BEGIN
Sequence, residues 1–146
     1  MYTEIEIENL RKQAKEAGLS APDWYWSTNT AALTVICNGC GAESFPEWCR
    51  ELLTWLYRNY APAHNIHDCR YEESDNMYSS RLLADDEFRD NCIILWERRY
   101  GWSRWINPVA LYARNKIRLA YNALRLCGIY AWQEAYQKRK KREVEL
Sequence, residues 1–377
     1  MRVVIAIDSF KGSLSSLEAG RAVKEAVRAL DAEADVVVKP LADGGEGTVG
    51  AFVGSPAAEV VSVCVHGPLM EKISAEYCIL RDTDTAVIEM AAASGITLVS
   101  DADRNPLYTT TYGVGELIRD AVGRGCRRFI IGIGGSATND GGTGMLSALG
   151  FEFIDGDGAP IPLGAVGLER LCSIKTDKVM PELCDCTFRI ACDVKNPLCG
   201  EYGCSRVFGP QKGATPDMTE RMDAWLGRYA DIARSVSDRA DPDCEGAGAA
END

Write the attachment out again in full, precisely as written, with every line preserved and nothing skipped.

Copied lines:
Sequence, residues 1–146
     1  MYTEIEIENL RKQAKEAGLS APDWYWSTNT AALTVICNGC GAESFPEWCR
    51  ELLTWLYRNY APAHNIHDCR YEESDNMYSS RLLADDEFRD NCIILWERRY
   101  GWSRWINPVA LYARNKIRLA YNALRLCGIY AWQEAYQKRK KREVEL
Sequence, residues 1–377
     1  MRVVIAIDSF KGSLSSLEAG RAVKEAVRAL DAEADVVVKP LADGGEGTVG
    51  AFVGSPAAEV VSVCVHGPLM EKISAEYCIL RDTDTAVIEM AAASGITLVS
   101  DADRNPLYTT TYGVGELIRD AVGRGCRRFI IGIGGSATND GGTGMLSALG
   151  FEFIDGDGAP IPLGAVGLER LCSIKTDKVM PELCDCTFRI ACDVKNPLCG
   201  EYGCSRVFGP QKGATPDMTE RMDAWLGRYA DIARSVSDRA DPDCEGAGAA